Also I think I should provide with some more of my source just to make it really clear of how I try to do it:


void render()

{

static float xpos = 0.0f;

static float zpos = 5.0f;

static float yrot = 0.0f;

static float xrot = 0.0f;

glClear(GL_COLOR_BUFFER_BIT | GL_DEPTH_BUFFER_BIT);

Transform cam;

cam.rotate(xrot, yrot, 0.0f);

cam.translate(-xpos, 0.0f, -zpos);

// i've tried this...

// and this...

drawWireBox(1.0f, 1.0f, 1.0f);

if( GetKeyState(VK_LEFT)&0x80 ){

yrot += 1.0f;

}

if( GetKeyState(VK_RIGHT)&0x80 ){

yrot -= 1.0f;

}

if( GetKeyState(VK_UP)&0x80 ){

xrot += 1.0f;

}

if( GetKeyState(VK_DOWN)&0x80 ){

xrot -= 1.0f;

}

if( GetKeyState('W')&0x80 ){

zpos += 1.0f;

}

if( GetKeyState('S')&0x80 ){

zpos -= 1.0f;

}

SwapBuffers(hDC);

}



And none of this make the camera move towards it's camera space positive z-axis. Instead it seems to move towards the world space positive z-axis.

### #6Reedbeta

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Posted 21 September 2005 - 04:19 PM

Of course it makes the camera move along the world space z-axis. Consider what's happening. You're drawing the box at world space coordinates (1, 1, 1). The first transformation that occurs is the translation, which moves the world origin so that it coincides with the camera location (xpos, 0, zpos) - i.e. this point is the camera's location in world space. Then the rotation occurs, which lines up the camera's view direction with the negative z-axis, thus completing the transformation into eye space.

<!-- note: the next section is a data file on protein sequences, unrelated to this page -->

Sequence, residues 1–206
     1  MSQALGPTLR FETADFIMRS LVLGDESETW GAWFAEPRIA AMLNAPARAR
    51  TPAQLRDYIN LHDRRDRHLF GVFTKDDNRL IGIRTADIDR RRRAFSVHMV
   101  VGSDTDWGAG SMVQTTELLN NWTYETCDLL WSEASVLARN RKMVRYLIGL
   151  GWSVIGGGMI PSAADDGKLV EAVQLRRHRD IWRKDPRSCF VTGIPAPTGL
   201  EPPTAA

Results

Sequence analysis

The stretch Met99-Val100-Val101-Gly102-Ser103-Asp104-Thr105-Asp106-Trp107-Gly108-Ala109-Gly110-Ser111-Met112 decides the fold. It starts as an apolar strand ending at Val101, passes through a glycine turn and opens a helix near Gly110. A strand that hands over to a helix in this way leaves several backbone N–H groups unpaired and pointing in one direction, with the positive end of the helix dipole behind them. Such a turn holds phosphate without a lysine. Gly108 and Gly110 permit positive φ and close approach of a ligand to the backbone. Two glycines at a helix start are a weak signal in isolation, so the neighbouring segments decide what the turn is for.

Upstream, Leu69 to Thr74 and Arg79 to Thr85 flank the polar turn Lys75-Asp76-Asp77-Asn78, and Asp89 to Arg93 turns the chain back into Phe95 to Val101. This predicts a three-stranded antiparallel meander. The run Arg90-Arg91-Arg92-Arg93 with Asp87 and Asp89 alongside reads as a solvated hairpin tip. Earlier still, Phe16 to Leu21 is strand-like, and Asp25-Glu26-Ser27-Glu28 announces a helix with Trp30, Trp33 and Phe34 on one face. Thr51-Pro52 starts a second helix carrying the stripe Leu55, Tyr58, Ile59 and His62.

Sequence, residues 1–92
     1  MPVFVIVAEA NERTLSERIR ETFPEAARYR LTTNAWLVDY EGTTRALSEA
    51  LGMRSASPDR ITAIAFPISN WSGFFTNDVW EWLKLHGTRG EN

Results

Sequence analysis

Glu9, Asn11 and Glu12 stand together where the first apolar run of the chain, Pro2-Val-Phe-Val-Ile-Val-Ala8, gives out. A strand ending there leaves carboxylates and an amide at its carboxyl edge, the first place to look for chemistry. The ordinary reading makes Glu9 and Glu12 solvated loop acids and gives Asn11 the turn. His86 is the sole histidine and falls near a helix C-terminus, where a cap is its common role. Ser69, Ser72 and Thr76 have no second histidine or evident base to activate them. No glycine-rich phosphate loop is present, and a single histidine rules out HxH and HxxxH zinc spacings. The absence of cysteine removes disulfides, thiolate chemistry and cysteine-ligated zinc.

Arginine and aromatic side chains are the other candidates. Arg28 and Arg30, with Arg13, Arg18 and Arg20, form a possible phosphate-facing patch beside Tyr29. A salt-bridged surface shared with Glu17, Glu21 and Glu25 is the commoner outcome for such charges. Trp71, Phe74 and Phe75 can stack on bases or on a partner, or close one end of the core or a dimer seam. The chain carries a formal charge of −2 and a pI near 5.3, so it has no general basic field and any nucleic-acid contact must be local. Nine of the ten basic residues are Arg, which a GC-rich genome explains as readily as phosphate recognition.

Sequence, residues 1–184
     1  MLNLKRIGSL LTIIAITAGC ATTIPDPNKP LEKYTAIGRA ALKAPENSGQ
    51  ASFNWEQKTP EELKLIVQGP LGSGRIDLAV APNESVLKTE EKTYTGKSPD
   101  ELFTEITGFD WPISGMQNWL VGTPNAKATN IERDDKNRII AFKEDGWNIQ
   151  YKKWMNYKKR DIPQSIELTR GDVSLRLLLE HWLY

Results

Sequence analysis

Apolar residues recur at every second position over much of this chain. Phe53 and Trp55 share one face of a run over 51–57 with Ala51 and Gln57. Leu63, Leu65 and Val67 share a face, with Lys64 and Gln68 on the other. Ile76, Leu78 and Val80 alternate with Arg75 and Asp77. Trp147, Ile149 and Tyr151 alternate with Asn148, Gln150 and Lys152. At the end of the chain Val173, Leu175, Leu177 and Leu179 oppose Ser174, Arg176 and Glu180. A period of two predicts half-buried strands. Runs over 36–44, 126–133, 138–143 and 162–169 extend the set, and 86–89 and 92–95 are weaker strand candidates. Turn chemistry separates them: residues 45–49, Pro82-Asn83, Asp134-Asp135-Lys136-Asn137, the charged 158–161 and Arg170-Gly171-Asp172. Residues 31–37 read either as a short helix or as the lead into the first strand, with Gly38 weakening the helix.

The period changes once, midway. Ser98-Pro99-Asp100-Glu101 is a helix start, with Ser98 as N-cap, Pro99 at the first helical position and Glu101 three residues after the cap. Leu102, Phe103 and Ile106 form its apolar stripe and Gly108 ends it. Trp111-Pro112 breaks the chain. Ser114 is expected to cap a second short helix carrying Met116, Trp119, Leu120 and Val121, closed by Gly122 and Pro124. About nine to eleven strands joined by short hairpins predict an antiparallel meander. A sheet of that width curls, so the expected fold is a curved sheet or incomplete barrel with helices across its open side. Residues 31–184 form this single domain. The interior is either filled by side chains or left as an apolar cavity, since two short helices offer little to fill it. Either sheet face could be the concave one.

In order to move the camera along its view direction, you need to explicitly calculate this direction (it is simply the negative of the third row of the camera's rotation matrix) and translate along it. I would advise against attempting to keep track of the camera's location in terms of eye space - it's easier by far to keep track of it in world space, as you are doing.

Also remember that OpenGL expects matrices in column-major order. Be sure you're not accidentally transposing a matrix someplace where it shouldn't be. I keep my matrix class in standard, row-major order throughout and then transpose every time I send it to an OpenGL function.
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### #7Mihail121

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Posted 21 September 2005 - 04:33 PM

Ok, the problem as reedbeta showed is that you're not moving the camera along the viewing vector but along _UNKNOWN_ direction, which occurs, because of the camera rotation. The solution is simple. Just find the viewing direction that the camera matrix defines and normalize it. Then use it to calculate the new position of the camera propertly.